Thanksgiving is next Thursday. Perhaps like you, I have been thinking about family and turkey lately. I assume most of you are among the 90% of American households getting ready to formally attack your Thanksgiving Turkey. The first Thanksgiving occurred way back in 1621, but there is little evidence that turkey was actually part of that first Thanksgiving. Turkey really didn’t become the traditional fare for Thanksgiving dinner until the twentieth century. And it wasn’t until 1969 that turkey consumption reached an all time high. That’s when Neil Armstrong and Edwin “Buzz” Aldrin made history by eating roast turkey in foil for their first meal on the moon. By the way, the landing was historical too!
Some North Dakotans may dine on wild turkey this Thanksgiving. Although North Dakota is outside the turkey’s native range, introductions of wild turkey began in North Dakota in the 1930’s, and they became a game bird in the 1950’s. Wild turkeys can now be found across much of the state, from the Red River Valley to the woody draws of the badlands. They can also be found along river bottom lands such as that along the Missouri River as well as the Killdeer Mountains, Turtle Mountains, and Pembina Hills.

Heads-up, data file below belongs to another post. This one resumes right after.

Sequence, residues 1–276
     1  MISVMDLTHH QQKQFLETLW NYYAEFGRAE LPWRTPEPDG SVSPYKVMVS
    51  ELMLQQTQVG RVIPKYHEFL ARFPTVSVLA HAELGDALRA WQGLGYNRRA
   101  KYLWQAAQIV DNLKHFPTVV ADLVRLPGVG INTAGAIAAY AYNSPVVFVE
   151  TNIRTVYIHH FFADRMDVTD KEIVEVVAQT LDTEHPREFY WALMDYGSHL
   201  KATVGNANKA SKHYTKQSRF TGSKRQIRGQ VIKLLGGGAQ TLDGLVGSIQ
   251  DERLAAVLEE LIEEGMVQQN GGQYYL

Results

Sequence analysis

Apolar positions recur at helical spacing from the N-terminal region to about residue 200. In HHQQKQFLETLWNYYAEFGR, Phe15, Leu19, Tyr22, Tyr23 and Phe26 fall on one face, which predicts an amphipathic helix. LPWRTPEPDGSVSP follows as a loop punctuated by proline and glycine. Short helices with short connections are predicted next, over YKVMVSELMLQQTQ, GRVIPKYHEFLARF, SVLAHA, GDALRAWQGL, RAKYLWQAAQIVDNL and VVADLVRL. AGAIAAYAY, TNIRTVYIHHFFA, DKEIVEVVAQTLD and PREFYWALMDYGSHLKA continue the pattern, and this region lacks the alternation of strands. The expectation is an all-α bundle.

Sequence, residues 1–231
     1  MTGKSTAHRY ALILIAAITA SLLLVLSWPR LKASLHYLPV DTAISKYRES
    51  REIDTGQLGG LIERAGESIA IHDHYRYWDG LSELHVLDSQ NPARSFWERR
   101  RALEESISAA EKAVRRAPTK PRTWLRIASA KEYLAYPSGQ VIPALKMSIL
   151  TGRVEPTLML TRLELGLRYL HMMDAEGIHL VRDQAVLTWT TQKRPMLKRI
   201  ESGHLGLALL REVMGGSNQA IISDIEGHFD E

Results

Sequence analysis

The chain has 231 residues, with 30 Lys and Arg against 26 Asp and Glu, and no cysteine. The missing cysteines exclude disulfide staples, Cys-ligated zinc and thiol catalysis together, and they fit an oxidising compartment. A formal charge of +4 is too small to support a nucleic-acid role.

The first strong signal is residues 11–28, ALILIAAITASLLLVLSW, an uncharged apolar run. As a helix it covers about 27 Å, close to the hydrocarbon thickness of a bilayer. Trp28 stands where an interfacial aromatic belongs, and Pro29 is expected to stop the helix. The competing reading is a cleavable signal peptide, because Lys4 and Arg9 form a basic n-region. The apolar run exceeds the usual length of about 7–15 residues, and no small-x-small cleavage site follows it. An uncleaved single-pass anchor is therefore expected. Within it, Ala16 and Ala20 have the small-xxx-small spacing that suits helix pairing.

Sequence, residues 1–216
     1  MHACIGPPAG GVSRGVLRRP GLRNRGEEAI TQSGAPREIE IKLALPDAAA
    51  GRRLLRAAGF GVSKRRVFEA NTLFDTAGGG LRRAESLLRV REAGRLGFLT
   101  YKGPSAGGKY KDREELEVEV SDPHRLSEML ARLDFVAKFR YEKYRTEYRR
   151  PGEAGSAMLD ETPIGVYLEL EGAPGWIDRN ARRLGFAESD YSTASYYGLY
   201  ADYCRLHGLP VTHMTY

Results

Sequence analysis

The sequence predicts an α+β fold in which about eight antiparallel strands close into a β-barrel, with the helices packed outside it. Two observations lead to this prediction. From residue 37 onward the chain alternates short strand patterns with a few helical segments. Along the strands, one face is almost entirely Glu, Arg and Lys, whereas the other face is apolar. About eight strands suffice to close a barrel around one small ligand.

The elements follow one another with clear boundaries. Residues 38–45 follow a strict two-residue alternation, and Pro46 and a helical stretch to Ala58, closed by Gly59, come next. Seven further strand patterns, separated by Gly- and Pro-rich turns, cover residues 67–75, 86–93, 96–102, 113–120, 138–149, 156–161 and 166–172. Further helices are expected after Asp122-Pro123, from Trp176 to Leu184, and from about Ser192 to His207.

The turkey has played an interesting part in American history and culture. Ben Franklin campaigned hard to get the turkey as our national bird. Of course the turkey lost out to the bald eagle, but the wild turkey now at least has its own bourbon. It has even been a White House pet, thanks to Tad Lincoln.
Most of you probably recall making a “hand turkey” in elementary school. They still do it today. You just outline your hand on a piece of paper and transform the fingers into tail feathers and the thumb into the turkeys head. No doubt many households will celebrate this Thanksgiving with one of these hand turkeys posted on the refrigerator.
As you enjoy family and all that good food this Thanksgiving, give a little thought about how this bird that has become such an important part of our heritage and culture.
Here’s wishing you and yours a great Thanksgiving.
Natural North Dakota is supported by NDSU Central Grasslands Research Extension Center and Minot State University-Bottineau, and by the members of Prairie Public. Thanks to Sunny 101.9 in Bottineau for their recording services.
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